Volume 83, Issue 4
  • ISSN: 0002-9637
  • E-ISSN: 1476-1645



Each spring large numbers of neotropical migrants traversing the Pacific flyway pass through the Coachella Valley enroute to northern destinations, providing an opportunity to test the hypothesis that mosquito-borne encephalitis viruses are introduced annually into California by migratory birds. A total of 5,632 sera were collected from 43 species of migrants during spring (April–June), of which 34 (0.61%) comprised of 14 species tested positive by enzyme immunoassay; only 10 were confirmed by plaque reduction neutralization tests (PRNT). In addition, of 1,109 migrants comprised of 76 species that were reported dead by the public and necropsied, 126 (11%) were positive for West Nile virus (WNV) RNA; however, only three (0.7%) of 428 birds tested during the spring were positive. Limited experimental infection studies with WNV showed that Orange-crowned Warblers were highly susceptible and frequently died, whereas most Yellow Warblers survived. Our results indicated that birds entering California rarely exhibited a history of infection and that most birds probably became infected after entering California.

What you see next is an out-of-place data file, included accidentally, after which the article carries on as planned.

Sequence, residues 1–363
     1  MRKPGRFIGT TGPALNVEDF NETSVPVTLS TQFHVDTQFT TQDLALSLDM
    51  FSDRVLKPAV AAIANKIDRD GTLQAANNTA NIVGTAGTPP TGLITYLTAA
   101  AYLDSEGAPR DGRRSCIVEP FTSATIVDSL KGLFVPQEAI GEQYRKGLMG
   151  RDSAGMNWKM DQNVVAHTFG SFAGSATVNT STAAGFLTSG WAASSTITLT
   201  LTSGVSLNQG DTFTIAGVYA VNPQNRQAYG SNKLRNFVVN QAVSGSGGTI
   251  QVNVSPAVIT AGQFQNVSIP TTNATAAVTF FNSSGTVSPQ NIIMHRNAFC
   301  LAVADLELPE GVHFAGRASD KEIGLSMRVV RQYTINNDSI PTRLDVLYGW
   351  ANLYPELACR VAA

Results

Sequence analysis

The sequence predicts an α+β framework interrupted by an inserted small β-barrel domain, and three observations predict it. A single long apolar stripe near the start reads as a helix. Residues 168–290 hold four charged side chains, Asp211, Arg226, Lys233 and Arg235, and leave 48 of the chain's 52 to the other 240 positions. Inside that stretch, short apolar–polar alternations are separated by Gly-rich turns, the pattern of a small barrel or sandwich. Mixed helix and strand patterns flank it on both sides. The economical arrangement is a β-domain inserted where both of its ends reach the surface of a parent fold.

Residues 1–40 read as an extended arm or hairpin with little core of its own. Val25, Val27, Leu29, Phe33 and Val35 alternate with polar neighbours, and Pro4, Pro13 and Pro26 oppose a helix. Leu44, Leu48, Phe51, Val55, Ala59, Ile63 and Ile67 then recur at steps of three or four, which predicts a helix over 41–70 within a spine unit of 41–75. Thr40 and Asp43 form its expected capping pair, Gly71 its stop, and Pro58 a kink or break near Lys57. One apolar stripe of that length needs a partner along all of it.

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  • Received : 06 Apr 2010
  • Accepted : 01 Jun 2010

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